Anthony van Dyck (1599–1641)
Orazio Gentileschi, ca. 1635
Black chalk, gray wash, pen and brown ink; incised for transfer
9 3/8 × 7 in. (24 × 17.9 cm)
The British Museum, London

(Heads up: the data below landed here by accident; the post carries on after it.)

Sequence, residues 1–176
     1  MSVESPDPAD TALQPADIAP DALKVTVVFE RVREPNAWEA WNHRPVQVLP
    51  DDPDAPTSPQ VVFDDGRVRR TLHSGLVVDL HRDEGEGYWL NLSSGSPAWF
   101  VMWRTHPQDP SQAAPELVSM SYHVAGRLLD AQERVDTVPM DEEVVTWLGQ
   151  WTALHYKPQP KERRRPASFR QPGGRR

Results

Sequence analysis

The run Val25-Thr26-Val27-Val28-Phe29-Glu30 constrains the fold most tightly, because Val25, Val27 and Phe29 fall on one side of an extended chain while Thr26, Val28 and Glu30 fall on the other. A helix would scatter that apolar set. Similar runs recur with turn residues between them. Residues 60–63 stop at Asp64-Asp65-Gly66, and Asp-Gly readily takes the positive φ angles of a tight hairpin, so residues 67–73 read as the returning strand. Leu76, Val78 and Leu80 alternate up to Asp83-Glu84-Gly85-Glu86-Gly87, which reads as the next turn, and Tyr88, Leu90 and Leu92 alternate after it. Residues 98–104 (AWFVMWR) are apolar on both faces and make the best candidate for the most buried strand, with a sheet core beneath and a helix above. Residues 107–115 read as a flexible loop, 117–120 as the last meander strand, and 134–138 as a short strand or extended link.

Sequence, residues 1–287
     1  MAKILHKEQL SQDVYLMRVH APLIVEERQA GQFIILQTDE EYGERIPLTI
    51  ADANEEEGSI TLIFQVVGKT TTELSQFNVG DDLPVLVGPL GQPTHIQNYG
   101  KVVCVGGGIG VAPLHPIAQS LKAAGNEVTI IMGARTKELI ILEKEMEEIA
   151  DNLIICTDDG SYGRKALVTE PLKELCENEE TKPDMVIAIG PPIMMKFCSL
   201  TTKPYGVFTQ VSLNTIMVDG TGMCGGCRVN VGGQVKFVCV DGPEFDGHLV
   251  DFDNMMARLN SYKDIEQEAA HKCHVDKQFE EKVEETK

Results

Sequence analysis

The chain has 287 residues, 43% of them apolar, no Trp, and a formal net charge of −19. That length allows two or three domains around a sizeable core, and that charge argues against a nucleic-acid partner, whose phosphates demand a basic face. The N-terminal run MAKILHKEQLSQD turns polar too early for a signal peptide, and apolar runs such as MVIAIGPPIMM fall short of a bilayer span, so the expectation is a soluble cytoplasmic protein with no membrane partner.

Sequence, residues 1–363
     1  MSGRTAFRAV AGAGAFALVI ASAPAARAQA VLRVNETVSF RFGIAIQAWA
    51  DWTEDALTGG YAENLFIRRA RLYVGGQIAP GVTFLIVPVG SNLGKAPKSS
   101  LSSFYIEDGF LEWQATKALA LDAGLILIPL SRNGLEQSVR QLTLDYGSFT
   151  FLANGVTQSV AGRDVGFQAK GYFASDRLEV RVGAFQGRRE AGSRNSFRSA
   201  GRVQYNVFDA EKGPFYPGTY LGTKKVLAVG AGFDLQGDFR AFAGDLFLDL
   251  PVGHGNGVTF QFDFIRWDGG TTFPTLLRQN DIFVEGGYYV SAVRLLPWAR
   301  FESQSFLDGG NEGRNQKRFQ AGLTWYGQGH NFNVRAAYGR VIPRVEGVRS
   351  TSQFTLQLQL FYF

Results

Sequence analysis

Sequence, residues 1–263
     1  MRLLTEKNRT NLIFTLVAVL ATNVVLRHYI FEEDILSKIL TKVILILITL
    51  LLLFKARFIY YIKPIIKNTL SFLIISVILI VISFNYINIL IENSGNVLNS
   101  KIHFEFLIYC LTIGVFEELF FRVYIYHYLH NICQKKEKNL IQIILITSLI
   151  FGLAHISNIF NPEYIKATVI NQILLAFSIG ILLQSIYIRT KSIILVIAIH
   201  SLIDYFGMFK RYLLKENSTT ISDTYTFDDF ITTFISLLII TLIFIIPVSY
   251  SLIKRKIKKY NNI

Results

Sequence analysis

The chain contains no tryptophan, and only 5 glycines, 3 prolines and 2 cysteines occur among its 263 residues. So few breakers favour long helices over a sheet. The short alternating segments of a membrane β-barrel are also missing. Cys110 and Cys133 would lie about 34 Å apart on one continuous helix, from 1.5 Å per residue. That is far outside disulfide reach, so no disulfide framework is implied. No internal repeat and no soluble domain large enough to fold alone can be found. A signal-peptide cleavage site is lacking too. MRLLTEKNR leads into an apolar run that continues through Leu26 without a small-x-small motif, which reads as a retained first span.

In the early years of the seventeenth century, Orazio Gentileschi worked as a painter in Rome, where he came under the influence of Caravaggio. His career then took him to Turin, Genoa, Paris, and finally the court of Charles I in London, where he was joined by his daughter, Artemisia, also a painter. Van Dyck shows the artist, who was known for his difficult personality, looking out at the viewer in a surly manner. The general composition seems to have been based on Italian prototypes, the work of Titian above all, present in the collections of Charles I in London.